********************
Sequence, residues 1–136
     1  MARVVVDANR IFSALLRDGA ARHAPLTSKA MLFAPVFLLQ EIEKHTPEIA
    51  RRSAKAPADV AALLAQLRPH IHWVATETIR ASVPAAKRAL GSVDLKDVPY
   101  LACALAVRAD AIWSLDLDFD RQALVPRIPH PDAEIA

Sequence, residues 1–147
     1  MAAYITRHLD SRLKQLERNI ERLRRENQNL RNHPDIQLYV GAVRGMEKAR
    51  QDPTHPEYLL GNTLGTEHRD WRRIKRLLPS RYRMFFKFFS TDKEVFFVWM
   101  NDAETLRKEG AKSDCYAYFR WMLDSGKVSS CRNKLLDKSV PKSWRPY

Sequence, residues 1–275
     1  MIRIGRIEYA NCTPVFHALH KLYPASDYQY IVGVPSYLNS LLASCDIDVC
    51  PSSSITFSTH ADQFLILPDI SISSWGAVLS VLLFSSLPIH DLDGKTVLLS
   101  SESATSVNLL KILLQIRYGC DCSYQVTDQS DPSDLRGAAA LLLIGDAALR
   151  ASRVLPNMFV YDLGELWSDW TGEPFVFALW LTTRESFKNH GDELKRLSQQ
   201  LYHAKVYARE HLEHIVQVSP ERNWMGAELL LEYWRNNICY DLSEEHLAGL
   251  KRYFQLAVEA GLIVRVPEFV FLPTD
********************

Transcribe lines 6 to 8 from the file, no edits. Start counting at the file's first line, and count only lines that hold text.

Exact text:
     1  MAAYITRHLD SRLKQLERNI ERLRRENQNL RNHPDIQLYV GAVRGMEKAR
    51  QDPTHPEYLL GNTLGTEHRD WRRIKRLLPS RYRMFFKFFS TDKEVFFVWM
   101  NDAETLRKEG AKSDCYAYFR WMLDSGKVSS CRNKLLDKSV PKSWRPY